Photo: scotersen, flickr
Last fall, Bill Woods, head of the Environmental Studies program, told me about a class called Media and the Environment. The class was going to be taught by Simran Sethi, who had worked with TreeHugger.com, NBC and everyone else, and that it was going to be really interesting, but a lot of work. I told him I was already enrolled.
Bill was right about everything. To make time to blog every week was difficult, but the schedule was nice. It taught me regularity and timeliness. Plus, the chance to blog about green tech for class credit only happens every so often. I strengthened my writing with the great tips I received: be personal, lead readers on, fact check, get out in the field, don’t be afraid to use humor, and so on; all of which are fairly self-evident, but brought to light by the most insightful and influential group of guests I’ve ever had in a class.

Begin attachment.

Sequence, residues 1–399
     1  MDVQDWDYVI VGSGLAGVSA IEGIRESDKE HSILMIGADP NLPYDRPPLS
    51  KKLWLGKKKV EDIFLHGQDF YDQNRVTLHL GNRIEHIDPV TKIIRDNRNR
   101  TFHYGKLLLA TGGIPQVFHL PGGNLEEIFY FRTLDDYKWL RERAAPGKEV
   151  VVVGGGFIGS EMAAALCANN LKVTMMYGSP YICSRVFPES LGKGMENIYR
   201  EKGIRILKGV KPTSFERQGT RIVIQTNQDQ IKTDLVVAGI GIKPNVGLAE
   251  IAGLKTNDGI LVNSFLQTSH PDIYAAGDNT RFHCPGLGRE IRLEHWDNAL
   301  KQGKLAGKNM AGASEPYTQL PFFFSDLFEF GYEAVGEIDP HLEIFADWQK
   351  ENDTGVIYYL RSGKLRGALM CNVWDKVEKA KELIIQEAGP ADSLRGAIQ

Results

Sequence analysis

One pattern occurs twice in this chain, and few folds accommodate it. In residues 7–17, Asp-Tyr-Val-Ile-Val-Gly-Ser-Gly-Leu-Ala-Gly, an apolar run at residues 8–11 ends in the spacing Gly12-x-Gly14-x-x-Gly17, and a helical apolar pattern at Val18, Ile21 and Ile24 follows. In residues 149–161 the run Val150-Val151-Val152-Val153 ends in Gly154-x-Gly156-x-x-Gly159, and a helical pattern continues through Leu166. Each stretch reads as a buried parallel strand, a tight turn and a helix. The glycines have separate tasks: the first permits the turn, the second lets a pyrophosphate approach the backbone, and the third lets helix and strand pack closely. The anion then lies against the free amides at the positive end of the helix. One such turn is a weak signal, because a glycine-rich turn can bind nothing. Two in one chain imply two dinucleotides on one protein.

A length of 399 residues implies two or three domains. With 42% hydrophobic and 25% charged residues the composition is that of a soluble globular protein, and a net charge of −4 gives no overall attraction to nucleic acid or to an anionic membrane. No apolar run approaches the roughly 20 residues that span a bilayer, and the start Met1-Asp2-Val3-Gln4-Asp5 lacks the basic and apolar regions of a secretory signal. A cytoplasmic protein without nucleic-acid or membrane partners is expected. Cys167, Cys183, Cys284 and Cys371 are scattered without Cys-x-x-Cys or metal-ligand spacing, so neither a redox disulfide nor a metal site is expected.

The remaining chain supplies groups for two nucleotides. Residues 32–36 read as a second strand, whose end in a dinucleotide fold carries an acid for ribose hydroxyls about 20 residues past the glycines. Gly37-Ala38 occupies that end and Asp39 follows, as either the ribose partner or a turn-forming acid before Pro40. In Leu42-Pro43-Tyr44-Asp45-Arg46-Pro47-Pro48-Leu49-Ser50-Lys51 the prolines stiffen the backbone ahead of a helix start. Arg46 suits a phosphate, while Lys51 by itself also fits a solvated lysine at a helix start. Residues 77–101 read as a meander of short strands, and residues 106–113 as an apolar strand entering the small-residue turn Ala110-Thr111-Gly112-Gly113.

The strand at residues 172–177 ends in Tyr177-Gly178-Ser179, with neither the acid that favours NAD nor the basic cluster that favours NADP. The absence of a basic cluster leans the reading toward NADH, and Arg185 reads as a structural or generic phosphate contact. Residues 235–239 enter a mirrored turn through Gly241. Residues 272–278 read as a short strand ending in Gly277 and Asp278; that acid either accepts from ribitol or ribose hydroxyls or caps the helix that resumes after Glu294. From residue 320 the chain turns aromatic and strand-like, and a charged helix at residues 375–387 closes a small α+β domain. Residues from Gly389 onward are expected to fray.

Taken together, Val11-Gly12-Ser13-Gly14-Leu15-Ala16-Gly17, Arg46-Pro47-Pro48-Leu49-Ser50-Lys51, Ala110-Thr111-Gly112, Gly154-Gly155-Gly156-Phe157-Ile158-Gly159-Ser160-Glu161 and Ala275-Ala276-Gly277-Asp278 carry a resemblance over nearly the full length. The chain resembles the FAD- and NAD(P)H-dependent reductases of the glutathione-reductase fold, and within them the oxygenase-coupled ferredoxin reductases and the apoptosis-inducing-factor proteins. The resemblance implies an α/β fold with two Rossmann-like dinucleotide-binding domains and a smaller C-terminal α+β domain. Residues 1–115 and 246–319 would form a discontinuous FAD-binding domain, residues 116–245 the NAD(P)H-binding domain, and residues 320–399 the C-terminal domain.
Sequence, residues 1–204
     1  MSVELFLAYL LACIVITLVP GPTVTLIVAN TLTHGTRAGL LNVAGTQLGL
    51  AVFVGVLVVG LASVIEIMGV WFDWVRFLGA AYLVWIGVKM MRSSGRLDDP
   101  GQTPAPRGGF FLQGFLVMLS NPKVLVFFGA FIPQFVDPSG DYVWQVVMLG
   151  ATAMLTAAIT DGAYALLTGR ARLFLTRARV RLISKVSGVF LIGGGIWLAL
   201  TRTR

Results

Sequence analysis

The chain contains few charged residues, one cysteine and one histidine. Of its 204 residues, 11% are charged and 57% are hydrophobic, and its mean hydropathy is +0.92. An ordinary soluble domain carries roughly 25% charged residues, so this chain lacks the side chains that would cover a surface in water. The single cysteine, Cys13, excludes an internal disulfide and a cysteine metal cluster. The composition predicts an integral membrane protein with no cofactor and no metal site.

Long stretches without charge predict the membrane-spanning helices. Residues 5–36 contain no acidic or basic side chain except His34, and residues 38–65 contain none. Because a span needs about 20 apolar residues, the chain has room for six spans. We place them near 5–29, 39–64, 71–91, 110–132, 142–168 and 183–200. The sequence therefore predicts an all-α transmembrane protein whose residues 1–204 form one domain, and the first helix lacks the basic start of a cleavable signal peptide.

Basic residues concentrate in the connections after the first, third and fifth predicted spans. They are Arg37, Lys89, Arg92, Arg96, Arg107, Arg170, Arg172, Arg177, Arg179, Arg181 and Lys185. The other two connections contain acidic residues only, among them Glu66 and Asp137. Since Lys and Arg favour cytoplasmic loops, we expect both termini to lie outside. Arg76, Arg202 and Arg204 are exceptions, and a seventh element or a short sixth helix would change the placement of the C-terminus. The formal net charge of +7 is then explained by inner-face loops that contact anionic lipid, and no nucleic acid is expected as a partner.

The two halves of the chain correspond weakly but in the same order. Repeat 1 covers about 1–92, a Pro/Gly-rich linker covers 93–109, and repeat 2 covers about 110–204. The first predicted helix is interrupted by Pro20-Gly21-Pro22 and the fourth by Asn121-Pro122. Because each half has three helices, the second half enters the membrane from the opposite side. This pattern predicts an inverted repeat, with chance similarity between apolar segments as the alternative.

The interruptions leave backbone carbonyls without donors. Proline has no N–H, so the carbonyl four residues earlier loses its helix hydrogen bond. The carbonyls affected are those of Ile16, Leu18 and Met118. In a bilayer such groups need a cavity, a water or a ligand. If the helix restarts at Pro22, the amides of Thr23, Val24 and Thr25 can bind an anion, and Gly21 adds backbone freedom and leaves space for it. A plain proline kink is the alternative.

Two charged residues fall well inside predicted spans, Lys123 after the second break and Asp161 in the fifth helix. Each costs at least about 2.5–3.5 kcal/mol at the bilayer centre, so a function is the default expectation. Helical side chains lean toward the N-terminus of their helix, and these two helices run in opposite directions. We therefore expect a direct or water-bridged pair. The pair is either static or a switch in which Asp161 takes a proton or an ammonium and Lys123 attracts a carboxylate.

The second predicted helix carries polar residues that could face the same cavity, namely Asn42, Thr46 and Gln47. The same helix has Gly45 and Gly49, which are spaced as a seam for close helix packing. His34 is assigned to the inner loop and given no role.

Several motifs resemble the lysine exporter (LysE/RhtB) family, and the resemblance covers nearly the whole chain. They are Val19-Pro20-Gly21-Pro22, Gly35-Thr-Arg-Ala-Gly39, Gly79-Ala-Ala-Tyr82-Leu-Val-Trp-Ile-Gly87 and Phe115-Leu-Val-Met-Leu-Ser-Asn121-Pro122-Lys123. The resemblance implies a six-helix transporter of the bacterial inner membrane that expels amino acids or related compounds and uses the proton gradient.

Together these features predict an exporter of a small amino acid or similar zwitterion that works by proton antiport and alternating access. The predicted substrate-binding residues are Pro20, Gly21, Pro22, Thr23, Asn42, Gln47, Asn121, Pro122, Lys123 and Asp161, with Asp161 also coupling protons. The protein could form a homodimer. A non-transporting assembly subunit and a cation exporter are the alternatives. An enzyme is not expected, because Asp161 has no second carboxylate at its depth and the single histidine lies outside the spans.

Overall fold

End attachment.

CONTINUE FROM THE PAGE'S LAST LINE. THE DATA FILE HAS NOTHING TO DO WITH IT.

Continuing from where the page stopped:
I learned about the systems of bees and ants, I looked up close at my trash, reaffirmed my hatred of photo-degrading plastic bottles, and learned on multiple occasions the stark differences between scientists and journalists in their ability to communicate. I still get a headache thinking about those CReSIS graphs. I learned through photo, video, writing, audio, but not by paper. I took from Simran and our guests, but learned equally from my classmates.
That was awfully, awfully gushy and apologize for that. I hope I wasn’t the only one excited about this class from start to finish.
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